The United States has been struggling ever since Jill Ellis took over as manager last year. And now, with the World Cup only three months away, the Americans sure don't look ready to compete for the crown of the best team on Earth.
The latest piece of evidence of the Americans' problems came in a scoreless draw against Iceland in the Algarve Cup on Monday. And after the match, Iceland manager Frey Alexandersson took the U.S. and Ellis to task.
"We forced them to play the long ball since after watching their first two games, we saw that when they get under pressure they tend to resort to the long ball," Alexandersson said to Fox Soccer. "I don’t understand it because they can play the ball on the grass. I would expect a team 20 seeds (ahead of us in the world rankings) would trash us.’’
Alexandersson is right in every sense, and this isn't new for the Americans. Over the last few months, Ellis has turned the team into one unable to break teams down and handle pressure. This despite despite having plenty of talent through the midfield and a series of ineffective showings proving a needs to change course. As soon as pressure comes, they boot the ball up field and that's a hell of a lot easier to defend than a team that keeps the ball and dictates tempo.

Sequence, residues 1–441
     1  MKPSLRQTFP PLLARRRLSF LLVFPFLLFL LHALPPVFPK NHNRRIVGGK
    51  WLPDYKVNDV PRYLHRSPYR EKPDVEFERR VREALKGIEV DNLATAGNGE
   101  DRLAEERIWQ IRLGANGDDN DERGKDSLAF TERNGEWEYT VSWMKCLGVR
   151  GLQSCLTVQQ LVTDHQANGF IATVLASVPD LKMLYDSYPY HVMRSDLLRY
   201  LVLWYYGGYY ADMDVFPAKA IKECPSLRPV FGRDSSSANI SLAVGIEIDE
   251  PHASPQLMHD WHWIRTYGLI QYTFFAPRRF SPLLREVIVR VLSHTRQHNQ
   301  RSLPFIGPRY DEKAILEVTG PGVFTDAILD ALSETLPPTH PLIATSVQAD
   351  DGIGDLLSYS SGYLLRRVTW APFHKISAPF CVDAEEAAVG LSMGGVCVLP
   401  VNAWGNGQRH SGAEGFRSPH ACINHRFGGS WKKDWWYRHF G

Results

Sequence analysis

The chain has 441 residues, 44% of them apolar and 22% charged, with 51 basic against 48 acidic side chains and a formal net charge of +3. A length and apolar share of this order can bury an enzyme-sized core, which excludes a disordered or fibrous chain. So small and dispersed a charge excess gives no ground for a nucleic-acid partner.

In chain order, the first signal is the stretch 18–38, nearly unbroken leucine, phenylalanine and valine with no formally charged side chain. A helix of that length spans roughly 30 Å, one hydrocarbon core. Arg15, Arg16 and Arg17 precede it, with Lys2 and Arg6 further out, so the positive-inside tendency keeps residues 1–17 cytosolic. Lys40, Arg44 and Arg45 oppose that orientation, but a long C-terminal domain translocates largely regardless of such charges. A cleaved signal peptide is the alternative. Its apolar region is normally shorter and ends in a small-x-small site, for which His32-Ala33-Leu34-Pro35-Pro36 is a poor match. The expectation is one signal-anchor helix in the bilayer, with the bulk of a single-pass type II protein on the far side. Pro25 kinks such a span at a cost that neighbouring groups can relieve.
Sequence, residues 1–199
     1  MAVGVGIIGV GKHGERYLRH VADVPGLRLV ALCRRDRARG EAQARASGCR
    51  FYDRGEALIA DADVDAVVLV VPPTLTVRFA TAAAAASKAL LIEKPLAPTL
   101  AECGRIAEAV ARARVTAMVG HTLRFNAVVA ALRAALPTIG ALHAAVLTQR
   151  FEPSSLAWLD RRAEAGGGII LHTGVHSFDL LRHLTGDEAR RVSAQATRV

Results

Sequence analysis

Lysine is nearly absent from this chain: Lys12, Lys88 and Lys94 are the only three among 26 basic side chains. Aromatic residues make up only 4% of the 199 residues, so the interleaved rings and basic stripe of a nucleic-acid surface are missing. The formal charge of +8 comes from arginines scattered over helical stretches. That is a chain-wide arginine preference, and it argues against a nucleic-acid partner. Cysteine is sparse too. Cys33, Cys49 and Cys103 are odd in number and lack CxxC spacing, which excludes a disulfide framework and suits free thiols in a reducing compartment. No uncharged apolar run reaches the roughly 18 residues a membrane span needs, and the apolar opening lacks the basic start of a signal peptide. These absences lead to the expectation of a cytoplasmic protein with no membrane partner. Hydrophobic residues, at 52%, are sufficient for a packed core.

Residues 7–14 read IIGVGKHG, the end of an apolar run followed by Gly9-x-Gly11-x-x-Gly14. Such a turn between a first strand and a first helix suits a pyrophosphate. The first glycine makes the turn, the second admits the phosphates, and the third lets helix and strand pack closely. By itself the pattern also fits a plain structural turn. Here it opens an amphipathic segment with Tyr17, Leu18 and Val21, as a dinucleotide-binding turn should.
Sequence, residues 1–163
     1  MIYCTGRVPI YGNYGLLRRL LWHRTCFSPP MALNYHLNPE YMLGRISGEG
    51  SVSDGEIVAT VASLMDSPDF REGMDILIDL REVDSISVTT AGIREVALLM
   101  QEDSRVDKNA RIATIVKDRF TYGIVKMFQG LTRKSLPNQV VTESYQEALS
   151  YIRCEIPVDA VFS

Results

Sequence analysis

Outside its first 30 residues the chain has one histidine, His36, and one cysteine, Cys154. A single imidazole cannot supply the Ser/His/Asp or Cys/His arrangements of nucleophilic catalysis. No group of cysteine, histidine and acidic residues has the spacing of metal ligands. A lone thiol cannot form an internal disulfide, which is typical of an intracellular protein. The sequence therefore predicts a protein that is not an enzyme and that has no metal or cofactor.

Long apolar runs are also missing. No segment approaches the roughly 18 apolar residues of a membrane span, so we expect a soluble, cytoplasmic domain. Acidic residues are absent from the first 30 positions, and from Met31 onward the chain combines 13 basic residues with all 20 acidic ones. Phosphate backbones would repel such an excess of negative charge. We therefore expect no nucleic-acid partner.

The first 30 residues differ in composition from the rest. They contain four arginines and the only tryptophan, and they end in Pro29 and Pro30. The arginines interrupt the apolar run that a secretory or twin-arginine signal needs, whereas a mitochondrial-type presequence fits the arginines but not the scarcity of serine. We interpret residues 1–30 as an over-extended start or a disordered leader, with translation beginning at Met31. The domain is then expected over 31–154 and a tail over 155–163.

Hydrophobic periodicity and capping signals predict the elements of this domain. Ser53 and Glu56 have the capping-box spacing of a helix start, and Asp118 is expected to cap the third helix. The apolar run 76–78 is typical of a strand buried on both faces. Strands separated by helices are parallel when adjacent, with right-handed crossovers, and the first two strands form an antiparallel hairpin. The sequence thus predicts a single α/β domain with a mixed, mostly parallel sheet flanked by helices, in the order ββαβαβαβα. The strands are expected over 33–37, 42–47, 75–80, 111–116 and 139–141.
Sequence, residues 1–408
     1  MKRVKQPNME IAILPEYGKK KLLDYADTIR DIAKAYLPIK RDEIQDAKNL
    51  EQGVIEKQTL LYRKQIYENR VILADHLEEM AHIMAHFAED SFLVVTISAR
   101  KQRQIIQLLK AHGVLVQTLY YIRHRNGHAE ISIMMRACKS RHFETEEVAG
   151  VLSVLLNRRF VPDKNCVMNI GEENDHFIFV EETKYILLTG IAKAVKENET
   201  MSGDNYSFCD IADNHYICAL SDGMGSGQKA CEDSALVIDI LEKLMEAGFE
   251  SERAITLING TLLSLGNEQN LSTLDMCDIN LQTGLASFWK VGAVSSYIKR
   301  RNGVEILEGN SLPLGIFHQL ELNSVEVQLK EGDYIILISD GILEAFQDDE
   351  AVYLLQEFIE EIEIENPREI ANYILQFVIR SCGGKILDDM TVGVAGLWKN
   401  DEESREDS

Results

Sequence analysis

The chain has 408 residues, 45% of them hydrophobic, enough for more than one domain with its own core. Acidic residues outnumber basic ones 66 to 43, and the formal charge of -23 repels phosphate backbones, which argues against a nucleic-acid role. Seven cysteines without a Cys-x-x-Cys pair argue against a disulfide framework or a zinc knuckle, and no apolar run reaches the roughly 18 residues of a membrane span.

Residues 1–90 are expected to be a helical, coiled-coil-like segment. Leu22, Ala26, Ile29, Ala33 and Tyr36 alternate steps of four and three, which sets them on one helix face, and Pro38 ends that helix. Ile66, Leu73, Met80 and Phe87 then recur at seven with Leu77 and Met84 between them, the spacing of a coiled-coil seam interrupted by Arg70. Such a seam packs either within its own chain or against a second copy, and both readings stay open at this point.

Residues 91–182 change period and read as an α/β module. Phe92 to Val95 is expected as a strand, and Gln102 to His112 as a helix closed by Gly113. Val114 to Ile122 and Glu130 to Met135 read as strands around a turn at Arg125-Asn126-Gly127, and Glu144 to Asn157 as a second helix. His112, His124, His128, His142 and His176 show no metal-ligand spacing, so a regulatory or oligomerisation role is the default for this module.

If Iceland can see this and exploit it, what will happen when the U.S. plays Sweden at the World Cup? Or Germany? Or France?
Ellis has a lot of questions to answer, and not much time left to come up with those answers.
Making matters more concerning is how Ellis responded to Alexandersson saying that if he was the American manager, he would be unhappy.
"Maybe he’s unhappy because his team is at the bottom of the group,’’ Ellis said.
Alexandersson was entirely right, and Ellis response was to take a petty shot at Iceland. It's just another piece of evidence that the U.S. program has become one unable to deal with criticism or embrace change.
There isn't a lot of reason to be optimistic about the U.S. right now. Their performances don't indicate a team ready to shine, nor does their leadership, and even Iceland is bringing it to light now.